Latest posts by Hans Blokland (see all)
- Anthropologist Genevieve Soucek new intern at SSW - May 23, 2023
- Resisting democratic decline: deliberation and some lessons from Germany and beyond - May 11, 2023
- The Social Science Works Podcast launched - May 7, 2023
At 13, I came to Germany with my mother and two sisters due to circumstances. I have been in Germany for seven years now, and all but two weeks in this Übergangsheim (transitional refugee camp). Although I am a Chechen, I was born and raised in Russia, in Rostov. Where my father is, I don’t know. Somewhere in Russia, I think.
After I arrived in Germany, I went to school and stayed there until the tenth grade. Abitur was not feasible because I don’t speak English well. In Russia they don’t teach English. Then I took a year of training in IT, but there I had the same problem. Now I am doing an apprenticeship as a dental assistant, just like my oldest sister, who also gave me the idea. My mother is a caregiver, my youngest sister is still in school.
At school, people always helped me. People were very friendly and supportive. On the street it is regularly different. Strange old ladies suddenly address me as “Scheissausländer” (fucking foreigner) and tell me to go to my own country. Groups of Nazis have been waiting for me to beat me up. However, I try to avoid all these idiots. There are good and bad people everywhere, including Germany.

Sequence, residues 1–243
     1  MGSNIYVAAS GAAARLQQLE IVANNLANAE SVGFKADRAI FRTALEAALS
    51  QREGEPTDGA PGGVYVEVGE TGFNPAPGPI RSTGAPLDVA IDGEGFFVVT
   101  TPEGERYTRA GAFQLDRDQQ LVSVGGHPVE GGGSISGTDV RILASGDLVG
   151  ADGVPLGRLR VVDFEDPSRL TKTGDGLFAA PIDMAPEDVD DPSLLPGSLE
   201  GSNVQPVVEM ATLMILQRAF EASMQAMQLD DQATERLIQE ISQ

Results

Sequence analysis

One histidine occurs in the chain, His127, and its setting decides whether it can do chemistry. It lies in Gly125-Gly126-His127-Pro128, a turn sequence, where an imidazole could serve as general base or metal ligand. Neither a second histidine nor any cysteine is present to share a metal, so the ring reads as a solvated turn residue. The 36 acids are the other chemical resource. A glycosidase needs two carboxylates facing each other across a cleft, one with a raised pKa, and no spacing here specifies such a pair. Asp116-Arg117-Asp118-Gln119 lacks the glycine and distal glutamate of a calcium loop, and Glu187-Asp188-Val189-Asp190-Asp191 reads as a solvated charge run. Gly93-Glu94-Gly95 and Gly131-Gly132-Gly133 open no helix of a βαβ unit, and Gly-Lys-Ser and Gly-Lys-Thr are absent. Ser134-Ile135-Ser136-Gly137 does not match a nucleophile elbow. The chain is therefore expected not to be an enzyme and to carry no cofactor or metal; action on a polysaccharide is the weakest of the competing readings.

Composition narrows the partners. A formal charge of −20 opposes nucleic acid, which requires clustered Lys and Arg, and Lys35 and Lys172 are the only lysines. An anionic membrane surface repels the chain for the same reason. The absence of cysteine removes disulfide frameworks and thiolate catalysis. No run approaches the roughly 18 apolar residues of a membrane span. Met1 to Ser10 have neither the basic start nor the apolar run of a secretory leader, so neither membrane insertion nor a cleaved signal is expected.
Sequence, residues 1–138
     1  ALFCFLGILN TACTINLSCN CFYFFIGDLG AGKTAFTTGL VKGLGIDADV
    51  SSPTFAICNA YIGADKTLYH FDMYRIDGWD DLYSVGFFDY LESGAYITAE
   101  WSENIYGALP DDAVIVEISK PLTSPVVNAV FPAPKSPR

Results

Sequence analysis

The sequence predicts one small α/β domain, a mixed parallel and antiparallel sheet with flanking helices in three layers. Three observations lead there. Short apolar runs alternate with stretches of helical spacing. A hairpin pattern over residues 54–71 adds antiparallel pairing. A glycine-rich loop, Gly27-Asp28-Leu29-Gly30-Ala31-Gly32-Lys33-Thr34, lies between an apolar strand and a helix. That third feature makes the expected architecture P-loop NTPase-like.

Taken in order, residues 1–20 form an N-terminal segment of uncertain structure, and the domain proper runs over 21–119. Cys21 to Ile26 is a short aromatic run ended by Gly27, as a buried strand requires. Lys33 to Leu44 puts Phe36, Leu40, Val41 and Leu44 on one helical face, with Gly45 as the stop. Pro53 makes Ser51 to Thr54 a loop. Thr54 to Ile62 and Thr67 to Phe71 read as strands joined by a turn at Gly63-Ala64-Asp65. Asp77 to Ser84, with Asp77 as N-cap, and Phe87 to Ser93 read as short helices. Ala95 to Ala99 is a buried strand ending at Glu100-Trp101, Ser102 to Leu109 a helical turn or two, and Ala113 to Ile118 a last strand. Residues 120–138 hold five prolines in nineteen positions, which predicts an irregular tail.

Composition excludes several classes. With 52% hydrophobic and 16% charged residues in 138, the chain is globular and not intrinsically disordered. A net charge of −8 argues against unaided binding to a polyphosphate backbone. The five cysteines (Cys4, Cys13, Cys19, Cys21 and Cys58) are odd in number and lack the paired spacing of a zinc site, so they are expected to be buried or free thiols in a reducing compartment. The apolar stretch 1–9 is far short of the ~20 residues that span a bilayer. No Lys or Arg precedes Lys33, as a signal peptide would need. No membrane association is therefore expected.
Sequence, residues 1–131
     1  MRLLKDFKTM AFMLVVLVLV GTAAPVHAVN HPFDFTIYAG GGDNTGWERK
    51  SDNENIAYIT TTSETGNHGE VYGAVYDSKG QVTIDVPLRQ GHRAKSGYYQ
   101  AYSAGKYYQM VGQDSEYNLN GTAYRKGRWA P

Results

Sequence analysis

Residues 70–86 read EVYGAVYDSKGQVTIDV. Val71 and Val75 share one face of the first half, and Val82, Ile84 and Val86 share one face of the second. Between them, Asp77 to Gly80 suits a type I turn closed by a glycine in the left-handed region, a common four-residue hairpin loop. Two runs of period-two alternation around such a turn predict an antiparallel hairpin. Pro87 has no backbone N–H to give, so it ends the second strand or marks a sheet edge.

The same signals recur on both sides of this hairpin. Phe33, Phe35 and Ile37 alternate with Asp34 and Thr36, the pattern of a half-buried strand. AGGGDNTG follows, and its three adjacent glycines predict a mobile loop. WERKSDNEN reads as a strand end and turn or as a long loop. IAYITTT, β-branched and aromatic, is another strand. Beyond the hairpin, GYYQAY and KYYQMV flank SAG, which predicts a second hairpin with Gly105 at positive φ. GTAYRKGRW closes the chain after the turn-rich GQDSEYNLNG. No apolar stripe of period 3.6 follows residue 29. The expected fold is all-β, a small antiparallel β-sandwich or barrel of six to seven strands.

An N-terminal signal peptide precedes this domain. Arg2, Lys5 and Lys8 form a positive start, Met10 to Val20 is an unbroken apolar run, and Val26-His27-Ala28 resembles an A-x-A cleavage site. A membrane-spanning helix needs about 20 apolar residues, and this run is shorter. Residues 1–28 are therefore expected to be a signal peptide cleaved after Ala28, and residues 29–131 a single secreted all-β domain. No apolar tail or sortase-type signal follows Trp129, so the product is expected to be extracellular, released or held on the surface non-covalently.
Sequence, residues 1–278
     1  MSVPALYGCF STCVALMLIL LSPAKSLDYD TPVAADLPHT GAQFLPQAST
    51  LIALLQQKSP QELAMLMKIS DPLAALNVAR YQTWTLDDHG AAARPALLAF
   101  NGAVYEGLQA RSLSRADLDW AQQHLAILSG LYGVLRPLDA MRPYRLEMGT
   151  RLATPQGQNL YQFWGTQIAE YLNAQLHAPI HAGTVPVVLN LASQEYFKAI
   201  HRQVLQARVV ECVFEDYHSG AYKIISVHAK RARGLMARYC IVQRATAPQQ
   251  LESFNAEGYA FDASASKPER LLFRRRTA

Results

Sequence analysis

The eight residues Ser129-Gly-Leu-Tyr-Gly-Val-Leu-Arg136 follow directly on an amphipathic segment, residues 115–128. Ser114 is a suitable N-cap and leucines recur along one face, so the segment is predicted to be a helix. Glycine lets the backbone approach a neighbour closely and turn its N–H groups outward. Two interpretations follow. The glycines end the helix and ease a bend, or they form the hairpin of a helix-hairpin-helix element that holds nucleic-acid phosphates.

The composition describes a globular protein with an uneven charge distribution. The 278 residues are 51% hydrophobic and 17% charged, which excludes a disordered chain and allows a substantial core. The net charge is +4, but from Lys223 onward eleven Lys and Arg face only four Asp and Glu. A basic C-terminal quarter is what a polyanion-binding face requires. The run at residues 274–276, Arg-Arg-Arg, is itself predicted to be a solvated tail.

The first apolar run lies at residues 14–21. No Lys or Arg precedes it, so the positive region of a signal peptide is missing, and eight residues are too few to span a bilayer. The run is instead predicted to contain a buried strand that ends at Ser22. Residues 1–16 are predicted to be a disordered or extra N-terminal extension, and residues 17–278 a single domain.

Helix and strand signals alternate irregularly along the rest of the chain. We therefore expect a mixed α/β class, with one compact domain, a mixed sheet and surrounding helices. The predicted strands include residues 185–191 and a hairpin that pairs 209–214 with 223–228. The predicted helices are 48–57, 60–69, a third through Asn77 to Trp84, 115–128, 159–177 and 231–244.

I have an Aufenthaltsgestattung (Temporary residence permit) because I am doing an apprenticeship. Every 6 months this has to be renewed. Actually, I think this should be three years, but I leave it as it is.
People have to have something to do, otherwise they get sick in the head. Eighty percent of the people here in the shelter want to work or study, twenty percent just hang around and slowly go crazy. You have to do something with your life to avoid the latter.
I don’t feel like a Chechen, Russian or German, but a human being trying to be human. I have no interest in nationalities. A good person is content with who they are, accepts others as they are, is courteous and kind, and always tries to help others, no matter where they come from.
I was raised Muslim. I simply feel good when I pray or fast. Faith ensures that I am not alone or feel alone. In the main, I am a social person who likes to talk to others. At school and at the sports club, I always had plenty of friends. Currently, however, I have less need for contacts. I like to be alone. I also have no contacts with relatives in Chechnya, Russia or Germany.
In ten years, I want to have my own home. I want to leave here, together with my sisters and mother. I am responsible for them. Many people here in the camp make shit. They drink, hang out, don’t clean, don’t take care of themselves. I want to get my family out of here. My mother has done a lot for us and I want to do something in return. I am also saving money for her so she can go to Mecca. She doesn’t know that yet, so she shouldn’t read this.